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IIT Mandi Researchers Design New Photocatalyst That Can Generate Hydrogen While Simultaneously Removing The Pollutants From Water Using Sunlight

Researchers have designed a series of novel and multifunctional nanocomposite photocatalysts by coupling mesocrystals of calcium titanate with edge sulfur atoms enriched molybdenum disulfide and reduced graphene oxide.

IIT Mandi

Indian Institute of Technology Mandi research team in collaboration with researchers from Yogi Vemana University have designed a novel photocatalyst that can remove pollutants from water while simultaneously generating hydrogen using Sunlight.  

The results of their work have been published in the international journal, ChemPhotoChem. The research team comprises of Dr Venkata Krishnan, Associate Professor (Chemistry), School of Basic Sciences, IIT Mandi, along with his research scholars Ashish Kumar, Ajay Kumar, and Dr MV Shankar from Yogi Vemana University along with his research scholar Vempuluru Navakoteswara Rao. 

Photocatalysis – the driving of chemical reactions through the joint action of light and a catalyst – has been of much scientific intrigue since its first report in 1911 because of the promise of using light to get many useful products. “After all, if plants and trees can use sunlight to carry out life-sustaining chemical reactions, why can’t we do it in the lab,” asks Dr Venkata Krishnan. 

In this research, researchers have designed a series of novel and multifunctional nanocomposite photocatalysts by coupling mesocrystals of calcium titanate with edge sulfur atoms enriched molybdenum disulfide and reduced graphene oxide. A specific and useful example of a photocatalytic reaction is the splitting of water into hydrogen and oxygen. Although this reaction was demonstrated as early as 1972 by Fujishima and Honda, the inefficiency of the process has been a bottleneck in scaling up the technology for practical applications. In addition, the researchers have also used these photocatalysts in the degradation of organic pollutants found in water. 

“The performance of a photocatalytic reaction depends upon the efficiency with which the photocatalyst converts light energy into photogenerated charges that drives the reaction of interest,” explains Dr Venkata Krishnan. Photocatalysts work by generating electron-hole pairs when exposed to the light of specific wavelengths, which induces the reaction they are meant to catalyze.  Oxide materials such as titania and titanates are commonly studied photocatalysts, but these materials are often inefficient by themselves because the electrons and holes combine before the reaction can be propelled forward.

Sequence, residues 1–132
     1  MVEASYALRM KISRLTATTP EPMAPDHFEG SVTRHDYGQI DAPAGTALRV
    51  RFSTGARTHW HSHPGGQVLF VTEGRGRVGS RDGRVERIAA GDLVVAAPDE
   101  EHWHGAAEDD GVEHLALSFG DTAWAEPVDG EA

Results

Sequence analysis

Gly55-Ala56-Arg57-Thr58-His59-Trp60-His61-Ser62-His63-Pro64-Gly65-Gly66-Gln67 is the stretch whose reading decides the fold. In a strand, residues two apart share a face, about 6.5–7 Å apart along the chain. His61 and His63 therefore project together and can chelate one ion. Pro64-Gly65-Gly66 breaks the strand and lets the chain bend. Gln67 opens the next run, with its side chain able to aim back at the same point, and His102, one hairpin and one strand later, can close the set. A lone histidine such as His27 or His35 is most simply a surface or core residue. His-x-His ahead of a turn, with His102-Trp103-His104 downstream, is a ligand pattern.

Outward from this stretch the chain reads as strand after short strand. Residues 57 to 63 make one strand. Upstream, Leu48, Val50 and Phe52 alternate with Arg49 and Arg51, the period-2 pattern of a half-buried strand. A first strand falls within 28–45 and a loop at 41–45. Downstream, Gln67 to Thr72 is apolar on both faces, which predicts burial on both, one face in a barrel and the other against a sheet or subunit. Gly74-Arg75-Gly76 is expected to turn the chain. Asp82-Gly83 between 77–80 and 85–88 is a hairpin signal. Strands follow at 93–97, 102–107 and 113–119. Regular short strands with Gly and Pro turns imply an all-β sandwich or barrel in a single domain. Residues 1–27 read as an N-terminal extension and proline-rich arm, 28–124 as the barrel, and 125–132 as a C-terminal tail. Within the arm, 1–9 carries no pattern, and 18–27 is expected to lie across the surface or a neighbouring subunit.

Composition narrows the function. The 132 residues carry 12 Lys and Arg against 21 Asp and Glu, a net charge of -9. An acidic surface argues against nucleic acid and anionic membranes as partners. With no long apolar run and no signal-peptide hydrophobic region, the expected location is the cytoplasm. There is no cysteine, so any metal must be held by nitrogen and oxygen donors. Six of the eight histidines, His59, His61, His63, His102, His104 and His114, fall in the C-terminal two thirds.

“Mesocrystals, a new class of ‘superstructures’ made of highly ordered nanoparticles, could limit the recombination of electron-hole pairs because the free electrons that are generated flow between particles before they can recombine with the hole,” says Dr Venkata Krishnan.   

It may be known that graphene is the new “wonder-material” in the field of materials science, ever since its isolation earned the Nobel Prize in 2010. The scientists at IIT Mandi found that remarkable enhancement in photocatalytic activity could be achieved with this combination. 

“Our combination showed a 33-fold enhanced photocatalytic hydrogen evolution over pure calcium titanate, with apparent light-to-electron conversion efficiencies of 5.4 %, 3.0 % and 17.7 % for light of three different wavelengths, orange light (600 nm wavelength) producing the highest efficiency”, says Dr Venkata Krishnan. The mesocrystal-semiconductor-graphene combination also degrades many kinds of organic pollutants when exposed to light, which makes it promising for pollution control techniques. 

Dr Venkata Krishnan attributes the enhancement in photocatalytic performance of their material combination, to three factors – the intimate contact between the three components, which leads to better electron transfer, the high surface area that provides more space for the reaction to take place and specific sites on molybdenum disulfide (MoS2) that act as sticky sites for the positive hydrogen ions that are generated during the reaction, which in turn enhances hydrogen production. 

The IIT Mandi team is excited about future directions to this work. The team believes that their strategy can be adopted to improve the properties and performance of other mesocrystals, which can lead to the fabrication of low-cost and multifunctional catalysts for diverse applications. 



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